Indonesia Labour Market Outlook 2016

Indonesia should focus on employment-friendly growth

A relatively large young population and abundant natural resources, Indonesia can realize its demographic dividend. However, for that to happen the country needs to create economic opportunities and invest in human resources thereby enabling more people to engage in productive and decent employment.

News | Jakarta, Indonesia | 19 September 2016
An interactive talkshow on Indonesia Labour Market Outlook, 2016
A relatively large young population and abundant natural resources, Indonesia can realize its demographic dividend. However, for that to happen the country needs to create economic opportunities and invest in human resources thereby enabling more people to engage in productive and decent employment.

These were some of the key conclusions of an interactive radio talkshow on 15 September 2016 titled “Quality of Indonesian Workers: Who is Responsible?” The talkshow was organized by Sonora Radio, a leading radio network in Jakarta, and the International Labour Organization (ILO). During the talkshow, ILO also presented the latest edition of the Indonesia Labour Market Outlook, 2016.

Many of the provincial governments are still not focusing so much on job opportunities. They should actively work with the private sector and giving incentives to companies to absorb more job seekers."

Aviliani, a well-known Economist in Indonesia
Besides radio audiences, more than 50 participants attened the talkshow. Various economic and employment issues were discussed, including patterns of growth, high youth unemployment, gender gap, and skills development.

Owais Parray, the ILO's Economist
“We are witnessing a synchronized slowdown of major economies, but Indonesia can do more to tap its vast potential. Indonesia needs to harness growth and employment at the higher-end of the manufacturing and services sector,” said Owais Parray, ILO Economist.

Aviliani, Indonesian Economist
Aviliani, a well-known Economist in Indonesia, highlighted that the demography of Indonesia with a high number of young people can be an advantage for the country. Unfortunately, the governments at the sub-national level are not giving much attention to employment.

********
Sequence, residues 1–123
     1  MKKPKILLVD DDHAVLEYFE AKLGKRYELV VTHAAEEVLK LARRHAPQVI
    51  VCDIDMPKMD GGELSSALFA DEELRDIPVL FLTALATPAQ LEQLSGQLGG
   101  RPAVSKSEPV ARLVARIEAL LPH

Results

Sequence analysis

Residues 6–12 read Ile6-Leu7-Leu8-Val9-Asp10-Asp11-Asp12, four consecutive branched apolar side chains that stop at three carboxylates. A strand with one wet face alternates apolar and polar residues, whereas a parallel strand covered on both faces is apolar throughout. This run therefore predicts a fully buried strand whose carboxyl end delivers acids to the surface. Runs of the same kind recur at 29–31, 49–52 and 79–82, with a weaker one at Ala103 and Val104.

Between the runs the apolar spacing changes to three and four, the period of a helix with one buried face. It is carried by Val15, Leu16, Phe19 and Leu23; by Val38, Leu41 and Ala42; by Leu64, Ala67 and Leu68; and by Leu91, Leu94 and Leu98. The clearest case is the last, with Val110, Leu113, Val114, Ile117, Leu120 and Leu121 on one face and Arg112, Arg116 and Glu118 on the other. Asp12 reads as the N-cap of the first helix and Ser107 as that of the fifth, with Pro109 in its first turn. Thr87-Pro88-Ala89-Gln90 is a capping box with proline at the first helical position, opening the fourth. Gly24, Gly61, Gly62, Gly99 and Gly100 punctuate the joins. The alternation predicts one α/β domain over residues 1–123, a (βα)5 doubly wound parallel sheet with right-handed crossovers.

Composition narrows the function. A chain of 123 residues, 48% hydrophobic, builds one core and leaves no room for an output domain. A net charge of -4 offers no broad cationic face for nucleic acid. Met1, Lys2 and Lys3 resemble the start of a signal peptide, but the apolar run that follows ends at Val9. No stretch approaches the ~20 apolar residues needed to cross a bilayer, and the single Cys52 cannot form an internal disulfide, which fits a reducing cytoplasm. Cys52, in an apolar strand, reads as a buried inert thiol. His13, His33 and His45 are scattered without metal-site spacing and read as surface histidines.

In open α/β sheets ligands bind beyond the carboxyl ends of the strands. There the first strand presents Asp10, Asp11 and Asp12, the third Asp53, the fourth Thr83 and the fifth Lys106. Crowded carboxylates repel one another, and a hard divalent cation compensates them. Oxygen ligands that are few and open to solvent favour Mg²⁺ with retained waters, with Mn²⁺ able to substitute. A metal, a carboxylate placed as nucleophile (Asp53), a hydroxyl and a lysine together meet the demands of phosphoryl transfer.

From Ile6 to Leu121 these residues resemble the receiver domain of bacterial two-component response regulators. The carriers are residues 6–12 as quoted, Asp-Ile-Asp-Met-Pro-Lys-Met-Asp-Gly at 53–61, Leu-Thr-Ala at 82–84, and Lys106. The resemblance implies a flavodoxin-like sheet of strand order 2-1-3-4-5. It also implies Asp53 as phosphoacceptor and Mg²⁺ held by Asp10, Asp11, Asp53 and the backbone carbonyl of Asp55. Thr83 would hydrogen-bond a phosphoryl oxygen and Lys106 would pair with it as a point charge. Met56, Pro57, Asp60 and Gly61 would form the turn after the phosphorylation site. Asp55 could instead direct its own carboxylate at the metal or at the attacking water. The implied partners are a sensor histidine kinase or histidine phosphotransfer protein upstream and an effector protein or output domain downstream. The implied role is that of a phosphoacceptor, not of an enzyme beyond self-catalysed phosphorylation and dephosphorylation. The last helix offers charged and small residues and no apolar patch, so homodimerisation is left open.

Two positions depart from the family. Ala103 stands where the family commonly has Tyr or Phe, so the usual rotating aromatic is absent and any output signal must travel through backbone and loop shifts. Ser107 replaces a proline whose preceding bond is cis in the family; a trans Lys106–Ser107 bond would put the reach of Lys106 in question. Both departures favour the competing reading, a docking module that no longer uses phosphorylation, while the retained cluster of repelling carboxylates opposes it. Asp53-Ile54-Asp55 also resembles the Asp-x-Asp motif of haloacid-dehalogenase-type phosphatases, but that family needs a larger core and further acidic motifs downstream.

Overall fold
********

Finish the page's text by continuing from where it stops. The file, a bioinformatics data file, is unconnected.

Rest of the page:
“Many of the provincial governments are still not focusing so much on job opportunities. They should actively work with the private sector and giving incentives to companies to absorb more job seekers,” she said.
Harijanto, Chair of the Indonesian Employers’ Association (Apindo)


Meanwhile, Harijanto, Chair of the Indonesian Employers’ Association (Apindo), emphasized the importance of skilled and qualified workers needed by the companies.

We are working closely with the Indonesian Chamber of Commerce (Kadin) and Apindo to organize apprenticeship programmes involving over 2,000 companies. We are also focusing on vocational training for both job seekers and workers."

Sugiharto Sumas, Head of Research and Development of the Ministry of Manpower
“It is still difficult to find qualified workers at the managerial level. As a result, companies end up hiring foreign workers. Therefore, in the future, we should improve our vocational education training and also make it easier for companies to get investment permits,” he said.

Sugiharto Sumas, Head of Research and Development of the Ministry of Manpower
Responding to Harijanto, Sugiharto Sumas, Head of Research and Development of the Ministry of Manpower, explained that starting this year, the Government of Indonesia has applied a demand-supply approach in an effort to address unemployment and productivity of workers.

“We are working closely with the Indonesian Chamber of Commerce (Kadin) and Apindo to organize apprenticeship programmes involving over 2,000 companies. We are also focusing on vocational training for both job seekers and workers,” he underlined.

In his concluding remarks, Francesco d’Ovidido, Country Director of ILO in Jakarta, reiterated that “ILO stands ready to facilitate and support its constituents such as the government, employers and workers to enact pro-employment policies and programmes not only at the national level, but also at the regional level. Indonesia is a vast country and that is why development efforts should focus both at the national and sub-national level”.